Who Created Lacrosse?
Who Created Lacrosse?
Originating in 1100 A.D., lacrosse was created by the Iroquois tribe, known as the Haudenosaunee, as an important cultural and societal activity. Lacrosse, which was called stickball at the time, was played for various reasons, such as religious connections, bet settlements, and war preparations. Games were major events involving 100 to 100,000 individuals in a large area spanning miles and were played over days until a winner was decided. In its earliest form, sticks with nets made of deer sinews were used to pass deerskin balls, and the objective was to retain control of the ball. While a competitive sport in nature, the Iroquois recognized lacrosse as the Creator's gift, emphasizing its spiritual and religious origins. Lacrosse is still a major part of the Iroquois society, and they continue to demonstrate its importance today.
Lacrosse's Game Development
Following European settlement in North America, lacrosse evolved into a more structured sport. French missionaries were responsible for the name "lacrosse" and introduced the first official rules. Canada declared lacrosse its national sport in 1859, and Canadian Dr. William George Beers wrote one of the first rule books in 1876. Europe was then exposed to lacrosse when exhibition games were played throughout England and Scotland. The first men's collegiate team was created by New York University in 1877, and the first women's team in 1926 at the Bryn Mawr School in Baltimore. In 1904 and 1908, lacrosse was played in the Summer Olympics. Today, lacrosse is extremely popular at the collegiate level, and some professional leagues exist, such as the Premier Lacrosse League and the National Lacrosse League for men, while the women's game has Athletes Unlimited.
The History of Women's Lacrosse
Although originated in North America, a Scottish woman, Louisa Lumsden, was influential in bringing the game to Europe after seeing a lacrosse game on her travels to Canada in the 1800s. The first women's lacrosse game was then held at St. Leonards School in Scotland on May 17, 1890. After playing for St. Leonards, Rosabelle Sinclaire organized the first women's collegiate lacrosse program in 1926 at the Bryn Mawr School. Recognized for her strides in women's lacrosse, Sinclaire became the first woman inducted into the US Lacrosse Hall of Fame. Women's participation in lacrosse increased following Title IX, and the International Federation of Women's Lacrosse Association was also created. In recent years, the U.S. women's team won 8 of 10 World Cups, with the women's game continuing to gain popularity.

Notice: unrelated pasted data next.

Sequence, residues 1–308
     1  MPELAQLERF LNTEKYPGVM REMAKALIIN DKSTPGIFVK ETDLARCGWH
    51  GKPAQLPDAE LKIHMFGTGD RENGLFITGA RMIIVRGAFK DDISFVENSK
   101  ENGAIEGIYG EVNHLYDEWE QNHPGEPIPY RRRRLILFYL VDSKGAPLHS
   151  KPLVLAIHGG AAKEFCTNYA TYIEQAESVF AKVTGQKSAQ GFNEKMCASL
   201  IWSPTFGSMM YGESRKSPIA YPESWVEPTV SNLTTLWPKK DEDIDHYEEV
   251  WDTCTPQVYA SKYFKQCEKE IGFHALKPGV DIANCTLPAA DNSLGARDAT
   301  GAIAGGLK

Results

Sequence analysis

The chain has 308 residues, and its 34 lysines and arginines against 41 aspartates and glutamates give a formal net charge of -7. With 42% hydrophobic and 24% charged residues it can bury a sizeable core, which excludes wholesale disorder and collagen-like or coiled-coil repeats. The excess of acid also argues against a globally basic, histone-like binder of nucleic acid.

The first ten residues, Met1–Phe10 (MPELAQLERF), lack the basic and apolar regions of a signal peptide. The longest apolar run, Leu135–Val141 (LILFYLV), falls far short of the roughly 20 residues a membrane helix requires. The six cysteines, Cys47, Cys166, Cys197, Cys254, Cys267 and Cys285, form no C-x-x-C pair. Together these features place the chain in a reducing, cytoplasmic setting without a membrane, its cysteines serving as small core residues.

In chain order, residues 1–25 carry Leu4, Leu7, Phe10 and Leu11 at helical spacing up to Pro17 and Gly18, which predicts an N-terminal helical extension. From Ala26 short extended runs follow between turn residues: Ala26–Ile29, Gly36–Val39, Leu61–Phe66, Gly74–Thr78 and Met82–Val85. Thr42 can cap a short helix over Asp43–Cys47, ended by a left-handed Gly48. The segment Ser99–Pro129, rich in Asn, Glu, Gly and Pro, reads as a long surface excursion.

Where did lacrosse originate?
Lacrosse was first played in present-day New York and Canada by the Haudenosaunee. Since the game was developed thousands of years ago, the exact location of its origin is unknown. Historians have also stated that the game was played in the St. Lawrence River Valley as well as the surrounding areas of the Great Lakes. From these areas, lacrosse grew into an international sport played by people across the world.
Who are the Haudenosaunee?
As those who created the game of lacrosse, the Haudenosaunee are one of six indigenous confederacies that still exist today in New York and Canada. Lacrosse has been a central part of their society for centuries and remains a very spiritual sport. The Haudenosaunee teams, known as the Iroquois Nationals, have struggled for years to receive representation on the international scale due to their classification as a sovereign nation. Despite these issues, the Iroquois Nationals will compete in the 2022 World Games after Ireland withdrew.
What are the basic rules of lacrosse?
The main objective of lacrosse, both men's and women's, is to pass and score the ball to gain more points than your opponent. However, besides the game's main objective, men's and women's lacrosse have very different rules. In men's lacrosse, extensive equipment is required, such as helmets and pads, because the game has become more physical and competitive. Conversely, women's lacrosse has maintained relatively the same rules, focusing on passing the ball between teammates on offense and defense, but with minimal physical content between players.